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SOS Rhino : In the News : Current Rhino News : Alarm bells on the Sabah rhino

Alarm bells on the Sabah rhino


By Chris Maskilone
July 1, 2002

KOTA KINABALU: Conservation efforts on the Sumatran Rhino must not be taken for granted anymore as the mammal's population has decreased alarmingly to the point of near extinction in Sabah.

Despite efforts taken by the State Government for a number of years, the rhino's (Dicerorhinus sumatrensis) numbers continue to decline, with poaching being the major threat, said Laurentius N Ambu of the Sabah Wildlife Department.

Apart from poaching, logging activities causing disturbance, loss and fragmentation of the rhino's habitat also contributed to its declining population.

He said what was adding to the woes was that it is now quite impossible to ascertain the actual number of rhinos in Sabah.

"Efforts to protect have to be intensified immediately," he said in his paper at the Second Sumatran Rhino Conservation Seminar in Shagri-La's Tanjung Aru Resort here, Saturday.

The seminar jointly-organised by the SOS Rhino, Institute of Tropical Biology and Conservation (UMS), Wildlife Department and AREAS-WWF Sabah was launched by Assistant Tourism, Environment, Science and Technology Minister Datuk Karim Bujang.

Indicators such as Davies and Payne (1982) stated that there were between 15 and 30 rhinos, 38-plus for Tabin and Danum Valley (Khan in 1989) and known (30) with possible (70) in whole of Sabah (Foose and van Strien 1997).

Based on this, he said it was clear that the Sumatran rhino population in Sabah warrants a highly-endangered rating and that serious concern for the survival of the sub-species is fully justified.

"Low numbers, a possibly skewed sex ratio in favour of males and little evidence of current breeding constitute the main basis for this concern," he added.

Two areas in south eastern Sabah are judged to have viable populations with prospects of long-term survival, viz Tabin Wildlife Reserve (1,200 sq km) and the forest reserve in Ulu Segama in Kuamut area (totaling approximately 4,000 sq km).

The area in Kuamut includes the Danum Valley and Maliau Basin Conservation area, within the Sabah Foundation's 100-year logging concession area, he said.

"A limited survey of rhino distribution was carried out in late 1989 and early 1990 by WWF Malaysia and concentrated mainly on previously unsurveyed rhino ranges in the Ulu Segama and Kuamut area," he said.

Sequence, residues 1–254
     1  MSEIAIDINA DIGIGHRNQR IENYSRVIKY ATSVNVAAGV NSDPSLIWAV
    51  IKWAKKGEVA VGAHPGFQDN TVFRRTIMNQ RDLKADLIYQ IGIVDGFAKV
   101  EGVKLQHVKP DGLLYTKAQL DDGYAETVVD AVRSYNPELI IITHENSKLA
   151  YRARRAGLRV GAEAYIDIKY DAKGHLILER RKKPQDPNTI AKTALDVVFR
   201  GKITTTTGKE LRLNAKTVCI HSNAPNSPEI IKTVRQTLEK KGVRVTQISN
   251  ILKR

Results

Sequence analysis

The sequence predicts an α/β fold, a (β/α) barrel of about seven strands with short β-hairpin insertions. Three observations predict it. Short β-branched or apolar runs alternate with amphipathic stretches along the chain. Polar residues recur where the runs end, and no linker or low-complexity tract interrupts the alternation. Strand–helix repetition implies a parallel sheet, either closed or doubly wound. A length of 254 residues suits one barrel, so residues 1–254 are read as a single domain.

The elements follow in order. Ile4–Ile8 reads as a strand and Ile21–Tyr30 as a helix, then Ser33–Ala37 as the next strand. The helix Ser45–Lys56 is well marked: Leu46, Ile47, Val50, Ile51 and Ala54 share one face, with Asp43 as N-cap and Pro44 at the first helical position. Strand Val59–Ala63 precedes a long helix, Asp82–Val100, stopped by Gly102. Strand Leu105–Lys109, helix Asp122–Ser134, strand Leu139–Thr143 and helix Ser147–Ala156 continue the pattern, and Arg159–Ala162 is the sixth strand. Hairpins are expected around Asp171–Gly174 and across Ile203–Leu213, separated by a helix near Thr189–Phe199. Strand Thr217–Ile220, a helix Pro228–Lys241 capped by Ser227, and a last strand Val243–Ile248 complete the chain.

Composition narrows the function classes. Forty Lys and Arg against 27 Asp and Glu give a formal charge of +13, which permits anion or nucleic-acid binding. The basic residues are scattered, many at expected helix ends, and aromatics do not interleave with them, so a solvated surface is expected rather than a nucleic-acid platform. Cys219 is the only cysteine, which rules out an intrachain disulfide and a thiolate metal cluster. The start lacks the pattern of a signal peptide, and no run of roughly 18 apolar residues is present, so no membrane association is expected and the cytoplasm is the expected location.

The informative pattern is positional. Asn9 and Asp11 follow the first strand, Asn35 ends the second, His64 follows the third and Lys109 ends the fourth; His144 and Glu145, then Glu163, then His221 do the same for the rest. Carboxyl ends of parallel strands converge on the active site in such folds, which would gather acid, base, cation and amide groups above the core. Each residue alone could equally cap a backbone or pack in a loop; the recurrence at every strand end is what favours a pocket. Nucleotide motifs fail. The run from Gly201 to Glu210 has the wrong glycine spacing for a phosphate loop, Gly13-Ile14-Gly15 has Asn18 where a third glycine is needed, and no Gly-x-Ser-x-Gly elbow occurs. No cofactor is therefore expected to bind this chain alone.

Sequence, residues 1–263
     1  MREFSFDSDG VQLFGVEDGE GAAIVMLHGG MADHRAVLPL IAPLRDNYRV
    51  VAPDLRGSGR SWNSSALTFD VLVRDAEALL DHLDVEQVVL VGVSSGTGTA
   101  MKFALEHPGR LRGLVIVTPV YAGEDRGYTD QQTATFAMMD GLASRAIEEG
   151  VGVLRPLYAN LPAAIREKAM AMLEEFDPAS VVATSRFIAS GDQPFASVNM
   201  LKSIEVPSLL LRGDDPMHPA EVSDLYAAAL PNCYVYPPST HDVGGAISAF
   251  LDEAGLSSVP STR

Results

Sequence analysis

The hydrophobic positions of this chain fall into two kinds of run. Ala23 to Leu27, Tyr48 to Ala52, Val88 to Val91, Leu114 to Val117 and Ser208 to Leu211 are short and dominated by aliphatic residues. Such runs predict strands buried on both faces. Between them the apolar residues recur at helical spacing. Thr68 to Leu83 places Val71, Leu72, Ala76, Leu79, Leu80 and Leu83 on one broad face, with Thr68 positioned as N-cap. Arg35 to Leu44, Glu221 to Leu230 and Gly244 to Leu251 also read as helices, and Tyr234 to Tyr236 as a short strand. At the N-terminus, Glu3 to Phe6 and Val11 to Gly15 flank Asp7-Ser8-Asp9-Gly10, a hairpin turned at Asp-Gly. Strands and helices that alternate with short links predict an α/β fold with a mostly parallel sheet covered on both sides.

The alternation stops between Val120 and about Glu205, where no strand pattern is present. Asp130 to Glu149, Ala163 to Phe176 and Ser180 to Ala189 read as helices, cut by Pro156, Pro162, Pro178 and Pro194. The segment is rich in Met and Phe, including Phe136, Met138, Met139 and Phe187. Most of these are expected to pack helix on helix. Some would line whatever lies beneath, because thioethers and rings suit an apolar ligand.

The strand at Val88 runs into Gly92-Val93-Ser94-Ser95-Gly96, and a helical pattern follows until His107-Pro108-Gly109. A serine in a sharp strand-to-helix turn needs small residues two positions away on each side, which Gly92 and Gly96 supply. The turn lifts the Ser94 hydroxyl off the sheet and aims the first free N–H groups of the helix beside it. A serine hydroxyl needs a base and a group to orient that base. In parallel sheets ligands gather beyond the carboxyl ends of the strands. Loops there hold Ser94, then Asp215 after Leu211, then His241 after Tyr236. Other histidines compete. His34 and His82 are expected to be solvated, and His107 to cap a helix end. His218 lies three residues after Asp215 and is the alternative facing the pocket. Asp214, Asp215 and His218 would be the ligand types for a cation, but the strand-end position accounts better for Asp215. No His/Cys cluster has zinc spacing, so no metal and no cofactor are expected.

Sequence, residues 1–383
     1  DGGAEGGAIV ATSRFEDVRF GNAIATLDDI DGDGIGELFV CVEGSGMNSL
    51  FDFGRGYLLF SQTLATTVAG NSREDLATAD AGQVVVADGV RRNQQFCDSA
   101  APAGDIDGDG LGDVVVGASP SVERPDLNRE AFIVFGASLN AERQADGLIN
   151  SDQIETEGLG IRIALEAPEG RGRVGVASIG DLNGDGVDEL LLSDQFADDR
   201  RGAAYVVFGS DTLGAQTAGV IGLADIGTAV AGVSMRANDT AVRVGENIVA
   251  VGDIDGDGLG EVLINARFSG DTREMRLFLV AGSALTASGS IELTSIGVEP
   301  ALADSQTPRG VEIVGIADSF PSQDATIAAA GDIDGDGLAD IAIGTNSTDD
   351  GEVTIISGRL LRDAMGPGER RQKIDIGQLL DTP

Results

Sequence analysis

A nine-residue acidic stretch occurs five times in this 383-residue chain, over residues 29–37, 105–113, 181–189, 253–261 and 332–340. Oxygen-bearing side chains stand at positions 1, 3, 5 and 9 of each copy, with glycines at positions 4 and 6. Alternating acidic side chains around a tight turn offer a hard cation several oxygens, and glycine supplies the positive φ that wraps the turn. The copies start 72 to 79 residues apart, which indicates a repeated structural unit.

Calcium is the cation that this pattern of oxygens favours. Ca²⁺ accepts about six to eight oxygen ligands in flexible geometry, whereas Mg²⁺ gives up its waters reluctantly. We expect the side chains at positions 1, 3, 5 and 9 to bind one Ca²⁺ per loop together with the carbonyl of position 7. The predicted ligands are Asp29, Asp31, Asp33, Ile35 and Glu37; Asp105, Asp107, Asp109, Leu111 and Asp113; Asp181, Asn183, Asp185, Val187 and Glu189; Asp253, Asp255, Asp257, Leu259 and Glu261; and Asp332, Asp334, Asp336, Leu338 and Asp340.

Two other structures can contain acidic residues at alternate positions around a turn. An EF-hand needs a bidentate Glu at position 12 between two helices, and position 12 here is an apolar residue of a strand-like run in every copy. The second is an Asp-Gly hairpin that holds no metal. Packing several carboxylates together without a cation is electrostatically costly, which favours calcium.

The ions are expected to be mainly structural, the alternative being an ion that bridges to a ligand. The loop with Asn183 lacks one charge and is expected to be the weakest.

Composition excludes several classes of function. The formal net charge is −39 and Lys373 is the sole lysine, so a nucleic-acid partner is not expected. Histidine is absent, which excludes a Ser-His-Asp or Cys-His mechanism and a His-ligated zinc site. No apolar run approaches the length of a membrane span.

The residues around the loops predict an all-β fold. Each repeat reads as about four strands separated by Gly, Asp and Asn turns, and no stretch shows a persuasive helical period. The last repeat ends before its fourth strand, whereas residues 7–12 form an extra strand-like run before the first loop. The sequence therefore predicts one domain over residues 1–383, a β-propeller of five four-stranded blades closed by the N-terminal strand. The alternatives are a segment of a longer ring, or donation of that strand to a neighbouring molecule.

There is also possibility of viable populations in the Dermakot/Tangkulap/Segaliud Lokan Forest Reserve when it is fully surveyed.

He said the Sumatran rhino was relatively common in North Borneo at the turn of the century, during which the harvesting of rhino horn by native hunters was encouraged by the government, then.

By 1960s the rhinos had largely disappeared from western and northern Sabah and became confined to the forests in the southeastern areas. By the late 1970s it was feared that the rhino was nearing extinction in Sabah, but according to Davies and Payne (1990), a statewide faunal survey from 1979 to 1982 revealed some small breeding populations still exist.

"Such pocketed animals are also frequently vulnerable to hunting by virtue of the reduced size of their habitat now surrounded by areas under agriculture and other human activities," he said.

In this respect, the Government's policy and legislation regarding wildlife and conservation, and protection of management of wild fauna and flora, respectively, constitute important components for planning conservation of the rhinos.

Steps must be taken to determine the precise distribution and status of the rhinos that live outside of the protected areas, especially those living in isolation and out of the reproductive contact with other rhinos.

The next step should be to systematically capture and translocate doomed individuals, integrating them into the viable populations in wildlife sanctuaries.

It is heartening to note that the Wildlife Department has been receiving external assistance in its bid to save the rhinos from extinction, such as the Asian Rhino Specialist Group, the SOS Rhino, and WWF Malaysia Sabah branch.



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